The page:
Carrin Rosetti & Richard Gruchalla

rossetti raku After nearly thirty-five years as a potter, I am still enchanted with the process of transforming lumps of clay into works of art. Happily, my wife has become enchanted with the process too. For the last eight years we have collaborated, working exclusively with the Raku process to produce a line of work as call “American” or “Contemporary” Raku. Most of our creations are vessel forms using the potter’s wheel or handbuilding techniques. The Raku firing becomes collaboration between the artist and the process, always interesting, enjoyable, and not always predictable. Some of our handbuilt pieces ar e like jazz, but the main body of our work is more like classical music. Whether sculpting or throwing a piece on the wheel, we like to be creative with the surface decoration, adding stains, glazes, and textures in ways that make the work truly stand apart from other Raku. Colorful surfaces are achieved by using both airbrush and detailed hand-glazing techniques and often, one piece is glazed in different stages by both of us. We play at alchemy and our created palette includes (but is not limited to) reds, turquoises, ambers, ochres and yellows, as well as the classic white crackle. During the firing, rapid extremes of temperature and oxygen versus carbon atmospheres create a distinctive look – the unglazed clay is blackened, glazed areas develop a network of crackles, and colorants in the glazes melt and often blend in unexpected ways. The results can be spectacular…the mark of the fire is on the piece. Blackened and sooty, this pottery goes through some incredible scrubbing and emerges gleaming with an inner fire of its own. Most of our work is then embellished with strands of copper wire, a signature (but not a patent) that has been with us for about 25 years. This adds a precise line and separates and delineates areas of the surface of the pieces. We also make and add small wooden pegs to some of the pottery as a decorative effect. On a few of the pieces we add metallic leaf for a more dramatic look. It is these details that add a finished look to our work and separate it further from other Raku.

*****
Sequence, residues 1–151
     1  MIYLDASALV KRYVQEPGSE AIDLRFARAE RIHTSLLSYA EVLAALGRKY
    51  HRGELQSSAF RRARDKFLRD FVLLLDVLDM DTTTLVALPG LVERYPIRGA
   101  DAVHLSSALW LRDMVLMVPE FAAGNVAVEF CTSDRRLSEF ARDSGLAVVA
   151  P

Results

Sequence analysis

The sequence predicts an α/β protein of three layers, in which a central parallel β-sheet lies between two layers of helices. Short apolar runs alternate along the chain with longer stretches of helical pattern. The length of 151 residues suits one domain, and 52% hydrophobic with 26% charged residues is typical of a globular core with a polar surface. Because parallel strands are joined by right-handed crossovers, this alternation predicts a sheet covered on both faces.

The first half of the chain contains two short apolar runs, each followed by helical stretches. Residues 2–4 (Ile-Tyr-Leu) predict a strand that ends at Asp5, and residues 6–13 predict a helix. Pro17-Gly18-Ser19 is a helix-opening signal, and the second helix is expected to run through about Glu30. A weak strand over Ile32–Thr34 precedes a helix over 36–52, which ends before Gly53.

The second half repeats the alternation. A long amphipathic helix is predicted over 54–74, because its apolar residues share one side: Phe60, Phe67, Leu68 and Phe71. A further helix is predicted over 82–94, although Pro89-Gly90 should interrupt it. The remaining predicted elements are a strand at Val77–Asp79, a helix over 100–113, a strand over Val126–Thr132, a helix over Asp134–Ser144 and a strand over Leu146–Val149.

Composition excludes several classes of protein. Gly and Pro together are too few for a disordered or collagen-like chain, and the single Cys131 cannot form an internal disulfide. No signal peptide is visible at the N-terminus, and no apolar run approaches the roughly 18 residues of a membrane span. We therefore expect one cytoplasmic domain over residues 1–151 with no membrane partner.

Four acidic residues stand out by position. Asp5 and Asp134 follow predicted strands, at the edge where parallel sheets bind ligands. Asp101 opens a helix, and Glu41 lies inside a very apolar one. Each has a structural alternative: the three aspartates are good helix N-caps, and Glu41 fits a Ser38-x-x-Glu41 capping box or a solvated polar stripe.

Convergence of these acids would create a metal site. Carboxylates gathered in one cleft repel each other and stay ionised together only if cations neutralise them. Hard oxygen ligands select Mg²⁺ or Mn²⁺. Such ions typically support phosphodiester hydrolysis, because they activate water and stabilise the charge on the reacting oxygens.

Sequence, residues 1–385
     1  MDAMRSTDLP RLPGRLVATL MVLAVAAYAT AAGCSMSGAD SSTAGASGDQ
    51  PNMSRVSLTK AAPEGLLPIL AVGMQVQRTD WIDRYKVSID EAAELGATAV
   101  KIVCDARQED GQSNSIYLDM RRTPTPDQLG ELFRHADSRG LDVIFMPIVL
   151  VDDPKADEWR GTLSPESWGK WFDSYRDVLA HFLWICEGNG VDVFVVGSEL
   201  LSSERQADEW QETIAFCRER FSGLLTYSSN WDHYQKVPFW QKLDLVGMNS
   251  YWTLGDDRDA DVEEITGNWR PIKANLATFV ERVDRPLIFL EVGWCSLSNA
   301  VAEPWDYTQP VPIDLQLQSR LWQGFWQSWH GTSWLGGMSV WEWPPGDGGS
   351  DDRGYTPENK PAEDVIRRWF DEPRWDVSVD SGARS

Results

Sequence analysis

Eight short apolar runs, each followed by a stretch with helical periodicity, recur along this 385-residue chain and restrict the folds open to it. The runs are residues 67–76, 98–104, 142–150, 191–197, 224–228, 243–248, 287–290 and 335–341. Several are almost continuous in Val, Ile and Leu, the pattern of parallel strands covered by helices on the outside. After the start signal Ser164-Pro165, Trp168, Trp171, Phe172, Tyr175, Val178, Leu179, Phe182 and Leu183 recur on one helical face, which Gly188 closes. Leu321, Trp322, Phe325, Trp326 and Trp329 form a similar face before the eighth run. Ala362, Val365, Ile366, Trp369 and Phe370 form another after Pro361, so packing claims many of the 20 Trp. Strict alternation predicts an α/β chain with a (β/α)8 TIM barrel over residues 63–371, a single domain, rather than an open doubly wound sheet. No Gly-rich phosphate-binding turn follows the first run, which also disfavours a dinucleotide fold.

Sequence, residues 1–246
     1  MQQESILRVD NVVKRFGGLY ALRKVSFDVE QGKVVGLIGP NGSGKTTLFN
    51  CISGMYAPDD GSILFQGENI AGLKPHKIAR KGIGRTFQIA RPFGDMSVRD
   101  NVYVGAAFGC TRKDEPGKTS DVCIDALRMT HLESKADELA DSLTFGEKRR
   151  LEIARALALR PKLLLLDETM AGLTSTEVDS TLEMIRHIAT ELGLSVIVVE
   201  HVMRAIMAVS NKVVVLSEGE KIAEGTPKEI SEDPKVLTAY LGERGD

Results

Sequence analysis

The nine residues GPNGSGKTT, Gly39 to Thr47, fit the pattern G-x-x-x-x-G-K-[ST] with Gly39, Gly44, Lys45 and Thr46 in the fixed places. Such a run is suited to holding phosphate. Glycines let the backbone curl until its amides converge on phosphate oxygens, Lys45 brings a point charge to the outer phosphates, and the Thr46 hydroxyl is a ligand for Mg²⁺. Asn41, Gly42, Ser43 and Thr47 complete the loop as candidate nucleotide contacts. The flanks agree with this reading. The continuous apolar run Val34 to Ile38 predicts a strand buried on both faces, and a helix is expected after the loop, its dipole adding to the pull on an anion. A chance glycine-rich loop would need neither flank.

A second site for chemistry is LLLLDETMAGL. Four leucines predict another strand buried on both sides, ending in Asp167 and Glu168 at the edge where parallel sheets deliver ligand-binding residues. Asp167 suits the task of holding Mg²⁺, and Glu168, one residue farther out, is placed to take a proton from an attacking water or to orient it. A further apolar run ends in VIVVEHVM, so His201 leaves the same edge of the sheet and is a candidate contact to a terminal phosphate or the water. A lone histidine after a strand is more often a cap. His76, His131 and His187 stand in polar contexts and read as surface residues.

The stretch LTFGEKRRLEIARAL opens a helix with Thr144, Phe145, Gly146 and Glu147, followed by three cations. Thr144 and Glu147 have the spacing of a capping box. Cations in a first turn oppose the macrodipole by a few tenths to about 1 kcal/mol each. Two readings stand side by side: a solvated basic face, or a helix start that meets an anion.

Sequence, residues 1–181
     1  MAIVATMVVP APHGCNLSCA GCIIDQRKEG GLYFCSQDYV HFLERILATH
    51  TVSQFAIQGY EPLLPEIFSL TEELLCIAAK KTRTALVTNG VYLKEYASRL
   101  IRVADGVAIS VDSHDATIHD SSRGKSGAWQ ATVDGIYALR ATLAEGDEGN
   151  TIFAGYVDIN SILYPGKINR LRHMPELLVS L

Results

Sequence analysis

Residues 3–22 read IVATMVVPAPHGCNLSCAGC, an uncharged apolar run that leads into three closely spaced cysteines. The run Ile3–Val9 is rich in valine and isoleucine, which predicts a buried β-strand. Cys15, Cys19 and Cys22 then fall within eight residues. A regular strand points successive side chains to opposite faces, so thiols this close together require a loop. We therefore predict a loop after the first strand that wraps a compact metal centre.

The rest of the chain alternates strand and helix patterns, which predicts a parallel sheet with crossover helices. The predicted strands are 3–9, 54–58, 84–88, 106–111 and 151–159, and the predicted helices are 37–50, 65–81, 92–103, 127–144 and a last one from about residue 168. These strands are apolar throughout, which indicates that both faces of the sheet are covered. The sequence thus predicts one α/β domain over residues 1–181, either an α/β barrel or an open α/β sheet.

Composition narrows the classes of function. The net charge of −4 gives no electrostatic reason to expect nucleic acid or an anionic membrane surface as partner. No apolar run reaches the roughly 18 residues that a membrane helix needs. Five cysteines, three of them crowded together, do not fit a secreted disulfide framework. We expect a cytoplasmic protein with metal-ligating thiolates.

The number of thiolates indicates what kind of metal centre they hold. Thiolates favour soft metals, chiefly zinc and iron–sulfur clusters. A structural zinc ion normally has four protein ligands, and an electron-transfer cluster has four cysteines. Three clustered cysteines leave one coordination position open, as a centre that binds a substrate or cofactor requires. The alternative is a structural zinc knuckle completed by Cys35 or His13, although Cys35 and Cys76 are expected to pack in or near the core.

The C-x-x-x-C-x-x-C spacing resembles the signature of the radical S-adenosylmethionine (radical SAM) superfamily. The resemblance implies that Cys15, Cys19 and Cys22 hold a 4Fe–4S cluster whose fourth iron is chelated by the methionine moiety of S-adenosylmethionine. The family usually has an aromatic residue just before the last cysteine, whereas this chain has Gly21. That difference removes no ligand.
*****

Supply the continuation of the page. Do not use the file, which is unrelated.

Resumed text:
In the end, it’s the making of the piece and the spontaneity of the Raku firing that we find so appealing. Our vision and creative voice speak through the materials we have chosen to use, but the Raku process retains its editorial power over our expression. It’s collaboration on many levels and we think it’s a good working arrangement. For us, Raku is like alchemy. It’s like spinning straw into gold. The process is magic.

You can reach Richard Gruchalla and Carrin Rosetti at their studio in Duluth, MN at 218-724-9080.